Regulation of cholesterol essential for hantavirus infection

Proteins involved in regulating cholesterol are essential for the entry of hantavirus into human host cells, according to a study recently published in PLOS Pathogens.

Researchers at the University of Pennsylvania sought the identification of factors and pathways that were important for hantavirus infection. Hantavirus is a rare and deadly virus that causes hantavirus pulmonary fever and kills between 30 and 40 percent of people infected by it. There are approximately 30 known human cases of hantavirus in the U.S. per year.

Viruses depend on proteins and nutrients provided by their hosts. In experiments on the Andes virus, a member of the hantavirus group, the researchers found that four proteins were involved in hantavirus infection. All of the proteins were part of a complex that regulates the production of cholesterol in mammalian cells.

After treating cells with an experimental drug targeting one of the four proteins, the researchers found the cells were less susceptible to viral infection.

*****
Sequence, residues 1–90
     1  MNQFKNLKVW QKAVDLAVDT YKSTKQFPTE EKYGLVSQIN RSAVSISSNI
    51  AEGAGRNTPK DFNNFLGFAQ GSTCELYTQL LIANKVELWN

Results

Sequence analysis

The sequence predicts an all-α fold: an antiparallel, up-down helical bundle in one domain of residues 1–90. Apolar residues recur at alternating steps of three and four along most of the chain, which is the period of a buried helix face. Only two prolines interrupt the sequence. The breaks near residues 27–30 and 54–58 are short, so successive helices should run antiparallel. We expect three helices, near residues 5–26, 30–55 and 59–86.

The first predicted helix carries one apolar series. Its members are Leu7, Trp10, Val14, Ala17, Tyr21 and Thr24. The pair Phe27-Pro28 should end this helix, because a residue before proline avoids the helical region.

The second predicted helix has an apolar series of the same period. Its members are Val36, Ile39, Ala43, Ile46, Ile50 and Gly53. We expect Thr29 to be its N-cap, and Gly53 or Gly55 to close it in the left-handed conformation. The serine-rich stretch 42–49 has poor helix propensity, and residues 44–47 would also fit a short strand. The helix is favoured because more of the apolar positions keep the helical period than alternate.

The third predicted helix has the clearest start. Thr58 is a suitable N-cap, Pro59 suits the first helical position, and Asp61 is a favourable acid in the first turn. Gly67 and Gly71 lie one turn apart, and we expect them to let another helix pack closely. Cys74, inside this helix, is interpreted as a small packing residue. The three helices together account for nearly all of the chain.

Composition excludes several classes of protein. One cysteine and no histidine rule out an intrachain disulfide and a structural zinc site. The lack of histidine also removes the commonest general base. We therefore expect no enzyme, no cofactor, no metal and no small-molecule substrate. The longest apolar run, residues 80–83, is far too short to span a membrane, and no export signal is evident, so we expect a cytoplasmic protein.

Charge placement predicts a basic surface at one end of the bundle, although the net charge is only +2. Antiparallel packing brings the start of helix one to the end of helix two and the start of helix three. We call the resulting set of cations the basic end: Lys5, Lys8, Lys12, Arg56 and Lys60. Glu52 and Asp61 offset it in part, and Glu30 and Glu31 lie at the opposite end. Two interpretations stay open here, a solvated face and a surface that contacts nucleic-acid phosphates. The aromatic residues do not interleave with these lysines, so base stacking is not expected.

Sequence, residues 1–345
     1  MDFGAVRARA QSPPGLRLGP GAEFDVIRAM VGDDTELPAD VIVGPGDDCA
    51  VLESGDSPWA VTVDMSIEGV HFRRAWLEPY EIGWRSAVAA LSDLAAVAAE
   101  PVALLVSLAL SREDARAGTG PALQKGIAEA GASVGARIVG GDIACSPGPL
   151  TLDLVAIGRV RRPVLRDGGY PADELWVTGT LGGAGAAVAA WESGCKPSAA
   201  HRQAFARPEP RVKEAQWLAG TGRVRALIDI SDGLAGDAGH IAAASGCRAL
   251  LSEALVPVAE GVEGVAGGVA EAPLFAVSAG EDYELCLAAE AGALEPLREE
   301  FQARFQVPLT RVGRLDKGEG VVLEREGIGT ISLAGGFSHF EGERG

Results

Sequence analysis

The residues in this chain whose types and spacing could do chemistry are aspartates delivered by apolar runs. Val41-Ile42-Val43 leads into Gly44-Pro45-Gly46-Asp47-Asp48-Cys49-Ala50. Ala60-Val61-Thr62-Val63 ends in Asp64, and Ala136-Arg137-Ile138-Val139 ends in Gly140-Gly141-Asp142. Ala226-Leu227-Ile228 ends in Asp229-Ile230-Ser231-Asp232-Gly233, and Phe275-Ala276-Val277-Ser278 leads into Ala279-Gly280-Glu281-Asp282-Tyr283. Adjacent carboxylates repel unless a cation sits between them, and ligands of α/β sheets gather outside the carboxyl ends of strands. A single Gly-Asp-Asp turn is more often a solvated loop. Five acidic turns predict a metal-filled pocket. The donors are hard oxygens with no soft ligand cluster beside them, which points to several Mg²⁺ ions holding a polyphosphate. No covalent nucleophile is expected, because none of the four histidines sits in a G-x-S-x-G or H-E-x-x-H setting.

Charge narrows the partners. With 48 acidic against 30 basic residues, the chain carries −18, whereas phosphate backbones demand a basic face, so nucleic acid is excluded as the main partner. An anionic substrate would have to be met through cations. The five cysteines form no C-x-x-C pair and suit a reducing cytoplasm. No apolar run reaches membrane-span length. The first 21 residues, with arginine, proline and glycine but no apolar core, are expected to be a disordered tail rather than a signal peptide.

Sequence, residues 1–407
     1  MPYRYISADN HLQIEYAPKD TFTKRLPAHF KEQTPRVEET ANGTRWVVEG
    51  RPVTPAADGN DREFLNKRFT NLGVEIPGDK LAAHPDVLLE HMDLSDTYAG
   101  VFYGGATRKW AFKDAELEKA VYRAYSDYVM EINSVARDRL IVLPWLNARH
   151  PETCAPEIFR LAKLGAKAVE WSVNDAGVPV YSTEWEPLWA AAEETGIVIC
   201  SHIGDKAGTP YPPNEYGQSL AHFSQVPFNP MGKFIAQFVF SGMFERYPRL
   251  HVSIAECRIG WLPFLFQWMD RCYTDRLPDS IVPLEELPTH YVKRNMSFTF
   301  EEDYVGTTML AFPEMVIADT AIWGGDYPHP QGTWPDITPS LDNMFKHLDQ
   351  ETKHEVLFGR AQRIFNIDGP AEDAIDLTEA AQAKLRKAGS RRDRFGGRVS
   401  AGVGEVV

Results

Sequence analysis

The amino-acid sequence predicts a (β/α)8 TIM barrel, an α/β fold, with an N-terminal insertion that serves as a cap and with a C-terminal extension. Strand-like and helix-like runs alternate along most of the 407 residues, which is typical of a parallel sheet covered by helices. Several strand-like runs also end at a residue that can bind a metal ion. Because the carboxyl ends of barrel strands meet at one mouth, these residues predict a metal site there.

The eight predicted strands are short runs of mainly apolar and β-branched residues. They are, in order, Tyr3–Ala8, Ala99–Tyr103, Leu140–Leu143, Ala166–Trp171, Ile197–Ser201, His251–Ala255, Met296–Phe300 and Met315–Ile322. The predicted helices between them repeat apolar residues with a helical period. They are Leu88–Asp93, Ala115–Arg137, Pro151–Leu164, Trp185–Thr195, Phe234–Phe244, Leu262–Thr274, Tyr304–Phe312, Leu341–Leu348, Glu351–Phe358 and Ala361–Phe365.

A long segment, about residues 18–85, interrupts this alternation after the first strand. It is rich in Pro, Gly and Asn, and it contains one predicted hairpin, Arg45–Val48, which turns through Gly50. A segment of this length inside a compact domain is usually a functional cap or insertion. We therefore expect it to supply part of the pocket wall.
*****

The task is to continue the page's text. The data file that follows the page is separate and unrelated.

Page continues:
Since one of the effects of the experimental drug was the lowering of cholesterol levels in cells, the researchers asked whether statins, a known group of cholesterol-lowering drugs, could protect against hantavirus infection. The researchers tested human cells and found that mevastatin, a member of the statin group that lowers cholesterol by mechanisms not involving the four proteins, made the cells less susceptible to viral infection.

"The sensitivity of ANDV to safe, effective cholesterol-lowering drugs may suggest new treatments for ANDV infection and pathogenesis," the researchers said. "(We hope that) targeting this process might lead to the development of broadly effective antivirals."